Italian stocks turned from a drag into a boost for European markets on Wednesday as signs the government would target a lower budget deficit quelled investors’ fears of a damaging showdown with the European Commission.
Italian bank stocks .FTIT8300 jumped as much as 3 percent after government bond yields fell back and the spread to Bunds narrowed thanks to reports the government was targeting a lower budget deficit in 2020 and 2021.
Still in the thrall of developments on the Italian front, the leading euro zone stocks index .STOXX50E and the pan-European STOXX 600 climbed 0.3 percent with bank stocks .SX7P the best-performing, up 0.8 percent.
Italy’s FTSE MIB .FTMIB outperformed, up 0.5 percent with the banks index last trading up 0.7 percent.
Unicredit (CRDI.MI) and Intesa Sanpaolo (ISP.MI) were among the top gainers, up 2.6 percent each, while Mediobanca (MDBI.MI), UBI Banca (UBI.MI), and Banco BPM (BAMI.MI) also rose as much as 5 percent.
Banks, which have large sovereign bond holdings, suffer the most from selloffs in the bond market and the index saw its fifth consecutive day down on Tuesday before news the government was aiming for a lower budget deficit.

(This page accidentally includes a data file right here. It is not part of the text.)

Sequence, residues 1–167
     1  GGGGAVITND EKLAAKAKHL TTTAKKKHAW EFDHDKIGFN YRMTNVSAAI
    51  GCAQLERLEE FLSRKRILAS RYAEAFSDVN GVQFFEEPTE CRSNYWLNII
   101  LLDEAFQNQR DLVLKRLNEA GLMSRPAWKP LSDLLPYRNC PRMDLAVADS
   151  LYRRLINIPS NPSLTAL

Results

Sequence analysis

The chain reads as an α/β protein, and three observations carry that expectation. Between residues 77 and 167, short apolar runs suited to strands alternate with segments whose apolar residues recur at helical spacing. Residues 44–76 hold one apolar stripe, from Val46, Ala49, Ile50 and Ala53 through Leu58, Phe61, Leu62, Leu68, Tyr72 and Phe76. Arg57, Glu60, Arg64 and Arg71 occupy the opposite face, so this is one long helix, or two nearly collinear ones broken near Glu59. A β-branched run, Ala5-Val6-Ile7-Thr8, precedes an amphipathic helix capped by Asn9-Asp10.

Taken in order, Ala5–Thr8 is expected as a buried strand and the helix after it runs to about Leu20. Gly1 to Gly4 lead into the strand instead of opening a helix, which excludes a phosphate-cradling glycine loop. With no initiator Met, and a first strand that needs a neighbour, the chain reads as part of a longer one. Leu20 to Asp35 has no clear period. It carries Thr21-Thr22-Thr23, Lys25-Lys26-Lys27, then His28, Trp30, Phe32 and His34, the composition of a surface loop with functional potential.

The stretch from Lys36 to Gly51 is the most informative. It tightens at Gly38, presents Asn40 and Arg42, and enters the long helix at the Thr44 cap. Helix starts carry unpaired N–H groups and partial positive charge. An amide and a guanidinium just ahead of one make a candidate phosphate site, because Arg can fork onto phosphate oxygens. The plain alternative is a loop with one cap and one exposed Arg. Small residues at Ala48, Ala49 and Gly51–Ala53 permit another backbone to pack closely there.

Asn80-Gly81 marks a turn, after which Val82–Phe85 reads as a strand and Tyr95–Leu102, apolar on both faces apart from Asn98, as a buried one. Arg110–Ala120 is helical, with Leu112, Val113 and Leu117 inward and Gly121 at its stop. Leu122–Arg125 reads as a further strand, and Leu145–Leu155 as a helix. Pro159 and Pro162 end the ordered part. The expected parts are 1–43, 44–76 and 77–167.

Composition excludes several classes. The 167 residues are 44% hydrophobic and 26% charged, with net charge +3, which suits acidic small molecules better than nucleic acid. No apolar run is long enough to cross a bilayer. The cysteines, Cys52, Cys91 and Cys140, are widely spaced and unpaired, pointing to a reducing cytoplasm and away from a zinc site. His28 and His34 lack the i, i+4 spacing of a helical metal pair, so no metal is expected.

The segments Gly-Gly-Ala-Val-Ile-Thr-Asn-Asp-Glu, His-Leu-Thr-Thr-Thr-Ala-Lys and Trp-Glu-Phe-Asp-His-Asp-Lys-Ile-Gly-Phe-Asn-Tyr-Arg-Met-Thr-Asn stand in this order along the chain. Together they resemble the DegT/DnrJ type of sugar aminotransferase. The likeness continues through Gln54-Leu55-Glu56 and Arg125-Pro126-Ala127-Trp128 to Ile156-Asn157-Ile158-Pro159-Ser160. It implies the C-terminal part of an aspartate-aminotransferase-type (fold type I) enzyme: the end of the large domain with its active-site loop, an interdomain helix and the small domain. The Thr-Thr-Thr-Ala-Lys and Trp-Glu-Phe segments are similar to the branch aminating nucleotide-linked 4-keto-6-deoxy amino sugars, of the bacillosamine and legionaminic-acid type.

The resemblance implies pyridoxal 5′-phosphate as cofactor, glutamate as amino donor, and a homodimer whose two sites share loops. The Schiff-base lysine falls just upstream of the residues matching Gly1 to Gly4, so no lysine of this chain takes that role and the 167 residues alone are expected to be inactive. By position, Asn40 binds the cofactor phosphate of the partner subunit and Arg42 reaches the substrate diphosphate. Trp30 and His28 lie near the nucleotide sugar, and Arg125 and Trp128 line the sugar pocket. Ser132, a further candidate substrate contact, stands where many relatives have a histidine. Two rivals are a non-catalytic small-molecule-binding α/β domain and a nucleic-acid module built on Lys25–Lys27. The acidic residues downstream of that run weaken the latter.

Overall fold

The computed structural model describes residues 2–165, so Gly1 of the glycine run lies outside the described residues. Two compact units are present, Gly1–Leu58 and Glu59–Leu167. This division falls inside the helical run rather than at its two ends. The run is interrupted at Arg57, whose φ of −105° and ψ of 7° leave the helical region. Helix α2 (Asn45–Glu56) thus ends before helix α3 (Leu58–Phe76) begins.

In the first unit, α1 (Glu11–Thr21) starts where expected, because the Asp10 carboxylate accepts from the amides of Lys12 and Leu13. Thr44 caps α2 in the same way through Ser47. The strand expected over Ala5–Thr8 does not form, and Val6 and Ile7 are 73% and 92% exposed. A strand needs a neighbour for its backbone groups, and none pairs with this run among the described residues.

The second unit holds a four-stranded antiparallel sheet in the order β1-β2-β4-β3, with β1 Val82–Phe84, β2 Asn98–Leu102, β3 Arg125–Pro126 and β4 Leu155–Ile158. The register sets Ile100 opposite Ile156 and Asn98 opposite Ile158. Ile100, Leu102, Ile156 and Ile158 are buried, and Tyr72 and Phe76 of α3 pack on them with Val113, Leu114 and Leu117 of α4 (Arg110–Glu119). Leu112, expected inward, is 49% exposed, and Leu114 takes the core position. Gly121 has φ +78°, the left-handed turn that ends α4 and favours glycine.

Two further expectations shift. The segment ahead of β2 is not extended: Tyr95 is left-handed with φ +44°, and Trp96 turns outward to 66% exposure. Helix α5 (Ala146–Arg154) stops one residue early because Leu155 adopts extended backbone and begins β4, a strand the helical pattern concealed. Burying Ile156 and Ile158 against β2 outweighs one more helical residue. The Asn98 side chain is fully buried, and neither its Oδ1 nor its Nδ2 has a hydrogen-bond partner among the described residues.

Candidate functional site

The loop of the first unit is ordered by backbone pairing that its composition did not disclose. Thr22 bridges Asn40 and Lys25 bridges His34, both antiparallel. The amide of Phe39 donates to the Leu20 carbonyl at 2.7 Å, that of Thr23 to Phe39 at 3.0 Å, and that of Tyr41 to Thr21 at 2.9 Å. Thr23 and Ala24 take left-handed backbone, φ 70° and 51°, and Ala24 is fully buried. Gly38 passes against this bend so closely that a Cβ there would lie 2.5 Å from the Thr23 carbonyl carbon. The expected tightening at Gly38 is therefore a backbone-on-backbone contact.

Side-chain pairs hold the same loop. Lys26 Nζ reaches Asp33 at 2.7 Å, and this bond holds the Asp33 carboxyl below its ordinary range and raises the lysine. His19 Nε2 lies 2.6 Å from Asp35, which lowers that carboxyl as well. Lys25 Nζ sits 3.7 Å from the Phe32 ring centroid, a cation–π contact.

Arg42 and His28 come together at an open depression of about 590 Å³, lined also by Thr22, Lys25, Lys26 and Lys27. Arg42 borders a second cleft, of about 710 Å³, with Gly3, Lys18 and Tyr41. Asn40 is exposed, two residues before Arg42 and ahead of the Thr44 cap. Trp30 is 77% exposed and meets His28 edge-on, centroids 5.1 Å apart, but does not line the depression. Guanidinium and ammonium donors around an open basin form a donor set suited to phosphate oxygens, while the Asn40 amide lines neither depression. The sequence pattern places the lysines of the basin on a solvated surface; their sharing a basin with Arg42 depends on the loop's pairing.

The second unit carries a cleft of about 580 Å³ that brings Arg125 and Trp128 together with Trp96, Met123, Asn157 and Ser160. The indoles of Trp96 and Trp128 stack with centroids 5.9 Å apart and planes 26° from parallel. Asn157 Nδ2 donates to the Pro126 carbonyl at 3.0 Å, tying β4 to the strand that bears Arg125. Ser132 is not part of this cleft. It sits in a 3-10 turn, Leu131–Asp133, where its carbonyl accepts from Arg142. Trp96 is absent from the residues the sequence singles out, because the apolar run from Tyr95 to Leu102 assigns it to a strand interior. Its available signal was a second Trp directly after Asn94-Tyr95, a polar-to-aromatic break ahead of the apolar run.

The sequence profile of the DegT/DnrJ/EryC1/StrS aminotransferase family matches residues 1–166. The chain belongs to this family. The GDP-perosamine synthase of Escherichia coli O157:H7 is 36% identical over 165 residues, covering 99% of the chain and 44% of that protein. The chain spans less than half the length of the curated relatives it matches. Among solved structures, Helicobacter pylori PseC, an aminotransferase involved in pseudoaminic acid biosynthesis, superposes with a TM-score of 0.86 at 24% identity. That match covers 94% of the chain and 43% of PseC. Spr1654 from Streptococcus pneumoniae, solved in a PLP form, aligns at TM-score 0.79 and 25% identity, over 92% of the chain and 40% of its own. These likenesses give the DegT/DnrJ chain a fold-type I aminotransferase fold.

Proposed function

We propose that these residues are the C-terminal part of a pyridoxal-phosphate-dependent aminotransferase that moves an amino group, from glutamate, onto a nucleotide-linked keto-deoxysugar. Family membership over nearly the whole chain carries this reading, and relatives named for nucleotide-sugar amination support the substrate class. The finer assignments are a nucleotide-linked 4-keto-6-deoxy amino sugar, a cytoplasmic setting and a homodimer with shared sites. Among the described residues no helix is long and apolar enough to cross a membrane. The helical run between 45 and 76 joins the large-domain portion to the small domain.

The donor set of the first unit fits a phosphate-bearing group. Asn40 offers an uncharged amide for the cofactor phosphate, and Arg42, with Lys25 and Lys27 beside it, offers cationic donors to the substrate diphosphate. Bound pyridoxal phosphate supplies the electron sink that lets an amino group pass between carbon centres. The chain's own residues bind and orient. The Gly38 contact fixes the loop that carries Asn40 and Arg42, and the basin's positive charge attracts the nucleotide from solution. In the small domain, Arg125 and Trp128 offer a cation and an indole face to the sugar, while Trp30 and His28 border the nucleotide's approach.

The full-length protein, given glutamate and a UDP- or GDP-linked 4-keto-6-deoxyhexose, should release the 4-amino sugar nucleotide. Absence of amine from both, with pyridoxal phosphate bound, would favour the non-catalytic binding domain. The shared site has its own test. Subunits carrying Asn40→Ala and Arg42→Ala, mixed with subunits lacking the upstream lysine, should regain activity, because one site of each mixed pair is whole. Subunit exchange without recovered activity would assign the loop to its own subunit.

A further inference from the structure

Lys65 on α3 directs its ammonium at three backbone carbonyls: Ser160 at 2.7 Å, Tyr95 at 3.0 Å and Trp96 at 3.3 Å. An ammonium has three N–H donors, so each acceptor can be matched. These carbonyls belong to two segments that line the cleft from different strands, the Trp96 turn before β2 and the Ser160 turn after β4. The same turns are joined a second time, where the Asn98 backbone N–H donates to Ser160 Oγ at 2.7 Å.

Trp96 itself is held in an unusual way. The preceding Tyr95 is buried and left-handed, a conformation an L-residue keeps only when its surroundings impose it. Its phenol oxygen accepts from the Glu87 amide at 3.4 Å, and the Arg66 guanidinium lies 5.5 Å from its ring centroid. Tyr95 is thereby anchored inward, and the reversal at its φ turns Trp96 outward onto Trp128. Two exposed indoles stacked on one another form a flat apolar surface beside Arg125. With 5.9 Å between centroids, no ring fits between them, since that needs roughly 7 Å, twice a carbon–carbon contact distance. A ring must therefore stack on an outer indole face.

“Any indication from the government that may deny such indications and lead to a step up in confrontation will negatively affect BTP spreads,” said Unicredit analysts.
“The situation remains fluid and mood can make sudden U-turns, depending on a rather unpredictable news flow.”
Outside politics, Oslo-listed aluminum firm Norsk Hydro (NHY.OL) was the biggest faller, tumbling 13.6 percent after announcing it would shut all output from its Alunorte alumina refinery in Brazil.
“This is a very serious event for Norsk Hydro, potentially leading to severe losses,” said a trader.
Grifols (GRLS.MC) shares fell 6 percent after UBS analysts cut the stock to sell from neutral, saying competitive risks are rising.
“Fc Rn inhibitors, a new class of drug we expect to launch in 2021, threaten to replace up to 20 percent of Grifols sales,” said analysts at the Swiss bank.
Tesco (TSCO.L) shares fell 8.5 percent after Britain’s biggest retailer reported first-half profits which missed analysts’ forecasts.
“Good like-for-like (sales), but weak bottom line points to margin destruction,” said a trader.
Shares in French tech consultancy Altran (ALTT.PA) jumped 9 percent to 8.12 euros, at the top of the STOXX after Kepler Cheuvreux analysts upgraded the stock to “buy” from “hold” with a price target of 10 euros.
Kepler analysts said they see no risk for liquidity, and that Altran’s current share price values its global design and engineering company Aricent at roughly 0.
The stock, down 40 percent in the third quarter alone, is a popular short, amplifying any positive moves as short-sellers unwind their positions.